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Cancer survivor Laurie Tierney, left, and Avon Lake Public Library Communications Manager Shea Alltmont with the special yarn to be used in creating 250 Knitted Knockers. Each holds a pair of prosthetics. 

Laurie Tierney laughs, smiles and jokes while talking about her recurring battles with breast cancer.

But while the Avon Lake resident is clearly upbeat and positive, breast cancer can have serious ramifications. Even after beating cancer, many survivors are faced with a new problem, a need for prosthetics.

One solution is provided by an international charitable organization known as the Knitted Knockers Support Foundation, headquartered in Bellingham, Washington.

Tierney, 80, a longtime member of the Friends of the Avon Lake Public Library, was first diagnosed with cancer in 2011. She went through 10 weeks of radiation before undergoing a lumpectomy.

“I recovered fairly well,” she said.

The cancer returned last year. The second bout led to a full mastectomy. Surgeons accidentally punctured a lung during the surgery and Tierney spent several weeks in intensive care. She eventually recovered enough to seek out a prosthetic breast from a specialty shop.

“They handed me 5 pounds of plastic and told me to strap it on,” Tierney said, adding the prosthetic was heavy, hot and intolerably uncomfortable.

“I took it off, threw it in the closet and told people I would wear it again if the queen of England ever invited me to tea,” Tierney said.

Tierney’s daughter-in-law, Sheila Tierney, helped her cover the effects of the mastectomy during the winter with heavy sweaters.

“So, during the colder months I was fine,” Laurie Tierney said. Problems arrived with warmer weather.

Tierney has a condition known as supernumerary. She has a smaller breast located above what was her normal breast, now lost to cancer and mastectomy. Her daughter-in-law again joined her in looking for clothes that might help mask the effects of her cancer. Tierney tried on a few items.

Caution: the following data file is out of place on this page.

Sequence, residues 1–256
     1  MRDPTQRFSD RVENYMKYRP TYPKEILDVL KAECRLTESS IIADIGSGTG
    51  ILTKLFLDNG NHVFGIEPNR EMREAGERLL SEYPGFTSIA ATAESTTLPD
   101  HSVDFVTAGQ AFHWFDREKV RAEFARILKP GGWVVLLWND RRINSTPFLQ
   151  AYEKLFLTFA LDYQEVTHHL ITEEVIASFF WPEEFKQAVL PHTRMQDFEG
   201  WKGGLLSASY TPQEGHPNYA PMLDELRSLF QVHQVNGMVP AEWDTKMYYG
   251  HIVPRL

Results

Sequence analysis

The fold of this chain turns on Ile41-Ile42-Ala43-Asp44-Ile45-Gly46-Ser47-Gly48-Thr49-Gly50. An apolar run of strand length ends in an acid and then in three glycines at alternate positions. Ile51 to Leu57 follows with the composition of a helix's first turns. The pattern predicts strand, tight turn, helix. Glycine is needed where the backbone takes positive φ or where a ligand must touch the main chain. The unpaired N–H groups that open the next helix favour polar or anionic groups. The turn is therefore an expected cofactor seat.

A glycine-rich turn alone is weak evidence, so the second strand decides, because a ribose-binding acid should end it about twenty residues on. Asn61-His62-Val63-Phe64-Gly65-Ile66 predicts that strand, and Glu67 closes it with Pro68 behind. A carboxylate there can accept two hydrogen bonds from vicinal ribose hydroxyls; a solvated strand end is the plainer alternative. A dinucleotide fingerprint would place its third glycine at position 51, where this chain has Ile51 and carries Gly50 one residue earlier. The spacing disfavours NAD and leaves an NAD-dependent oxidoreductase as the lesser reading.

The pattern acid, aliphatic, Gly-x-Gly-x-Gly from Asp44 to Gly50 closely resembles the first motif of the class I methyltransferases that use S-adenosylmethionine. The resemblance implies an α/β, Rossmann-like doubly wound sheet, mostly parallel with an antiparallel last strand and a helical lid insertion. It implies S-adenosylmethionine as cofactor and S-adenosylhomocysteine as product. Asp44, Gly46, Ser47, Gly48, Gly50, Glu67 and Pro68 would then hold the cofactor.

“When she stopped rolling around on the floor in laughter, she said to me, ‘This just isn’t going to work,’” Tierney said. She added that to describe her as looking lopsided was a huge understatement. Her supernumerary did not help the situation.

Still seeking a solution to her problems, Tierney came across the website for Knitted Knockers. She ultimately received a knitted prosthetic, which she described as lightweight, well fitted and comfortable.

“I couldn’t be happier with it,” Tierney said.

After receiving her own prosthetic, she approached the library’s knitting group, Stitch Niche, about producing its own Knitted Knockers to help local breast cancer survivors in need.

Library spokeswoman Shea Alltmont was more than happy to get involved with the Stitch Niche project, applying for and receiving a Lakeland Community Foundation Endowment Fund Mini-Grant of $5,500 The money went toward purchasing 250 skeins of special yarn, approved by the Knitted Knockers organization for use in making prosthetics.

Yarn used must be lightweight and not cause irritation to the skin it will be in close contact with for long periods of time, Alltmont said.

Last week she began to put together 250 Knitted Knockers Project Kits to be made available to library volunteers. Each kit includes everything needed to create a pair of prosthetics, from a pattern to knitting needles.

The knitted prosthetic somewhat resembles a bag. Volunteers will return the items to the library, where they will be filled with a soft cotton-like substance known as PolyFiberFil. The finished product can be adjusted for size.

With an event dubbed Knockin’ around the Christmas Tree, the library and the Stitch Niche group held what Alltmont called a soft opening of the project Monday evening. She said volunteers can still pick up kits at the library. Tierney said a talented knitter or crocheter probably can complete a set of Knitted Knockers in about two hours.

“I first heard about Knitted Knockers a few years ago and we tried to make a few,” said Valerie Dillard, 60, one of the organizers of Stitch Niche. She had praise for Tierney.

“She’s just very inspirational,” Dillard said, commenting on how open Tierney is about what she has gone through.

“She gives a face to it all,” Dillard said.

The Knitted Knockers project might seem an unusual one for a public library. Alltmont notes the Avon Lake library rents bikes, offers music lessons and other seemingly unconventional programs. She added that while there are lots of puns and jokes floating around the library regarding Knitted Knockers, they solve a serious problem.

“These help women who have suffered through cancer or other problems feel pretty again,” Alltmont said. “There are definitely self-esteem issues involved here.”

For more information about the Knitted Knockers Project, email Alltmont at salltmont@avonlake.lib.oh.us or call 440-933-8128, ext. 244.

Contact this reporter at tcorrigan@westlifenews.com or 440-871-5797.

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